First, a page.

As I ran into the snag that Baen sells some pre-release texts only in formats which are incompatible with the eReader software which I regularly used, I decided to give Stanza a chance again. I bought the books from Baen and started reading the first one of them. My opinion hasn’t changed much, though. Now, more than before, I have a feeling that the software isn’t really ready for mainstream usage, though it seemed promising. I say that it seemed so, in the past tense, because it seems that the company behind the software has been acquired by Amazon, which already has more than one initiative in this area.
In the next days I’m planning on trying out Stanza on my iPod to see if, on that platform, it lives up to my, maybe exaggerated, expectations.
I’m currently right in the middle of the process of setting up an apartment for my family to move to, within this month. As I have a sizable collection of books, the question of how and where to store them came boiling up as I realized that while I’m moving to a larger apartment, it’s got no bookcases.
This got me into thinking about my book reading and buying habits over the last few years. It seems that it wasn’t without reason that I decided to write about eBooks as the vast majority of the books I’ve read over the past four or five years where ebooks. The great exception here are the books I buy while traveling abroad, to read during the flights.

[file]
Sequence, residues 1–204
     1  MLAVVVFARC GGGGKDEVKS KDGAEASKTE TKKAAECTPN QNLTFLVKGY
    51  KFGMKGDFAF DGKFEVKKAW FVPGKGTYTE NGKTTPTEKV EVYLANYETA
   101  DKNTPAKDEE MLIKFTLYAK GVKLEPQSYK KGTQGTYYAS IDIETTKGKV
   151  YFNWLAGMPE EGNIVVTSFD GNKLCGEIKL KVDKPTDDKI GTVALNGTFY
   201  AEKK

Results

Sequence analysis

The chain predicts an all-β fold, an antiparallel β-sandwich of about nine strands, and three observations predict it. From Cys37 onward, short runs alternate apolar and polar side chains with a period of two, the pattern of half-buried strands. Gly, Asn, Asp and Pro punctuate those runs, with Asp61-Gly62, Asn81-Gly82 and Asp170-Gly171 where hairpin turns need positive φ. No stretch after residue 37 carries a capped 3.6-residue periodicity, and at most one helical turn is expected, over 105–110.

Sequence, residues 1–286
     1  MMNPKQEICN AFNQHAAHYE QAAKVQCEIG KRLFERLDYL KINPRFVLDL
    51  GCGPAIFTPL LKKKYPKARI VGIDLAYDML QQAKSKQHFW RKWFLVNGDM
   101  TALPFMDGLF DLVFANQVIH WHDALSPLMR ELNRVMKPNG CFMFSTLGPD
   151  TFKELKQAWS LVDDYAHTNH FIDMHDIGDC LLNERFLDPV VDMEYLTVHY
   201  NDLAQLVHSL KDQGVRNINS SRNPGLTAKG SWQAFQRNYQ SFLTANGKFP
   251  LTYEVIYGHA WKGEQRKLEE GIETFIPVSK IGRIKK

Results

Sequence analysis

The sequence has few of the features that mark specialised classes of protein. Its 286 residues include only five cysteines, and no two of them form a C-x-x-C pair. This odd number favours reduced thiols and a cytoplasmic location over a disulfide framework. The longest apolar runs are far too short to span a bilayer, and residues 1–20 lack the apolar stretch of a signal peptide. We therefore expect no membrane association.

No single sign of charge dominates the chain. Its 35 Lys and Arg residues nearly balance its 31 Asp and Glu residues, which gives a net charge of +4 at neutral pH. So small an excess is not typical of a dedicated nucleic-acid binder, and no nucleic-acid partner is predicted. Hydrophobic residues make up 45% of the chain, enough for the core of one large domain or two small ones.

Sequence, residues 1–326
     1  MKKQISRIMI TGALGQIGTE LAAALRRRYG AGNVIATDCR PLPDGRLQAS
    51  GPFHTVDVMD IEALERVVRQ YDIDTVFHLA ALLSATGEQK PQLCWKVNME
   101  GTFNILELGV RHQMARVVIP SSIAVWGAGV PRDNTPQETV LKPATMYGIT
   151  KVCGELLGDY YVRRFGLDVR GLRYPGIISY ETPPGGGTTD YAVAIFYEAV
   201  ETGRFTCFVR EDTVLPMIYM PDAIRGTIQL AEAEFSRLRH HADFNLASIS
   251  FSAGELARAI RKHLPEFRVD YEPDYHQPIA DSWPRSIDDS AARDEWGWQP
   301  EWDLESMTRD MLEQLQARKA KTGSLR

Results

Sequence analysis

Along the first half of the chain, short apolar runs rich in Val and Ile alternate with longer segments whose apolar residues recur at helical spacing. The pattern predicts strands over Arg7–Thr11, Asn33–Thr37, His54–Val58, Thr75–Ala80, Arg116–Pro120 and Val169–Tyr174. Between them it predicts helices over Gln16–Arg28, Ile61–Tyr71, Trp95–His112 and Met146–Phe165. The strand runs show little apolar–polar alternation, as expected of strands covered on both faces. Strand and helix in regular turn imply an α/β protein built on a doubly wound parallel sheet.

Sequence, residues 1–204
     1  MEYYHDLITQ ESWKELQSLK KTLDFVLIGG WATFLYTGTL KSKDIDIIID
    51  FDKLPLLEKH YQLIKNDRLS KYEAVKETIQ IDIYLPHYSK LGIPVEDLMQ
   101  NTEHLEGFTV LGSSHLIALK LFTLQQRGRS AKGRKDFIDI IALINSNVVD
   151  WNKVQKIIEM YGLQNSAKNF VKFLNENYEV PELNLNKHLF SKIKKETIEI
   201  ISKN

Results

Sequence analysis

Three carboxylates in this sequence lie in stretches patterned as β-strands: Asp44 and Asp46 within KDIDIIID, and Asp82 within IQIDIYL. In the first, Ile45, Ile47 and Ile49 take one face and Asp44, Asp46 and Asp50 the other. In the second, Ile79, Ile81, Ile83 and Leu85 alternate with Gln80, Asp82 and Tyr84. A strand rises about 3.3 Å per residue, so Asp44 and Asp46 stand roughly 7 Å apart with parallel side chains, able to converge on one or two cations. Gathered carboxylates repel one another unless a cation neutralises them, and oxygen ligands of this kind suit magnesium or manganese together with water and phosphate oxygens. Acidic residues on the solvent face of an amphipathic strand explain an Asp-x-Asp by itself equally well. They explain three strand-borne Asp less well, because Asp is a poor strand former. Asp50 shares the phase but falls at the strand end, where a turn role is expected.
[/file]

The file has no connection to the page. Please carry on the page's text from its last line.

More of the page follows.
At home, it seems, I not only prefer to read on my iPod, but I difficulty reading a normal. I guess that the fact that I’m always very busy writing a post for one my blogs, an article or a book makes my family consider my book reading time as being a good chance to get some more interaction with dad. (Which I guess is totally valid reasoning.)
While ebooks don’t require bookcases and therefore aren’t really troubling me for this imminent move, their portability is still quite a bit of a nuisance. I’ve got a large number of titles in Mobipocket format, but Mobipocket is dragging its feet on support for the platforms I now use: iPod/iPhone and OS X. Sure, I can get around the OS X through the use of the Windows version within a Virtual Machine, but not such work around is available for my iPod.
On the other hand, the regular books are very much on my mind now. I have the habit of giving away my non-fiction books, but I totally refuse to part with the fiction ones. I guess, the next time I go looking for an apartment I should consider the need to have a library. 🙂
One of the first things I did after I got an iPod Touch was to install eReader on it. Actually, it might have been the first application I installed, though I can’t be totally sure.
I have been reading books electronically for a long time as I have always been a big believer that this is the inevitable future of books. I’ve read a lot of books on my PocketPC and on notebooks and now that I’ve got some on the iPod I feel we are getting closer to what I used to envision for this technology back in 1997.